We finalize our conclusion here by listing a few interesting avenues for future research:

Dynamic auction decision rules. We discussed a general framework for dynamic preconf but didn't go into detail on any specific auction model. A natural next course for study would be to analyse a simple dynamic mechanism β€” for example, periodic greedy knapsack auctions with reserve β€” and derive results about optimal parameters β€” in this example, time tt capacity and reserve β€” and bidding strategies. The choice of mechanism will naturally be informed by the auction rules we observe preconf providers implementing in practice.

Measuring and interpreting the preconf premium. We have discussed some types of risk that theoretically ought to contribute to the preconf premium. It would be interesting to precisely define empirical measures of the premium and these risks and quantify their contribution in the wild.

Dynamic bidder strategies. In this article we mainly considered single-minded bidders who want a single transaction or bundle included in a target block. But there may be interesting applications of preconfs arise if we drop this requirement and consider multi-stage strategies that require the execution of a sequence of transactions, each preconfirmed separately. If such strategies are deployed in practice, even risk-neutral agents may pay a premium for preconfirmation.

These applications become more powerful if ordering guarantees are added to the preconf protocol, so that, for example, preconfirmed transactions in the same block are executed in the order of the timestamps on their preconfs. Ordering features are expected to be added to mev-commit in the future.

Another strategy available to multi-transaction bidders arises when participating in the preconf auction leaks some information about the types of the other participants. For example, highly sophisticated bidders could try to extract information about the provider's secret reservation price by "dusting" the auction with early bids for small transactions.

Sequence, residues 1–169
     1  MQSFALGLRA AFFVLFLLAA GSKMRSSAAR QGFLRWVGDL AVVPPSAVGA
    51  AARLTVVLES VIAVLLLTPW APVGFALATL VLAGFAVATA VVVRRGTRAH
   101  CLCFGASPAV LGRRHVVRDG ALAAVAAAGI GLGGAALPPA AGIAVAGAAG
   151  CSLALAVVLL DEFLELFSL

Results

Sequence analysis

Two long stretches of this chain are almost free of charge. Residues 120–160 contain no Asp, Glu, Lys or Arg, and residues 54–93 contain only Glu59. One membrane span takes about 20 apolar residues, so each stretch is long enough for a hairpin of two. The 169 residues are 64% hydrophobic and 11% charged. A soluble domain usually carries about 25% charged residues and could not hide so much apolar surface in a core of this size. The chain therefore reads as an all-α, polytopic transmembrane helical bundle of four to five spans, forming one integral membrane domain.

Thanks to Murat, Evan, Christian, and the rest of the Primev team for comments and feedback on this article. This work was commissioned by Primev.


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  1. (Drake, Nov. 2023).

  2. Compare


  4. Under PBS, block builders may also issue a conditional commitment to include a transaction if they win the auction for the target slot. Under mev-commit protocol, payments are only made if the condition is satisfied, so this should not affect pricing for risk-neutral participants.


  6. The same logic applies to the "blob" gas fees introduced in Ethereum's recent "Dencun" update: the max_fee_per_blob_gas bid field can be eliminated from bid parameter space by fixing it equal to the blob base fee, if the latter is known ahead of time.

  7. Because settlement occurs at the same time regardless of when the bid is accepted, time preference effects do not intervene in this comparison.

  8. (Akbarpour and Li, 2018).

  9. This is a well-known principle from mechanism design. See, for example, Levin & Smith (1996).

  10. Compare (Milgrom and Weber, 1982).

  11. (Graham, 1990)

  12. (Bagehot, 1971)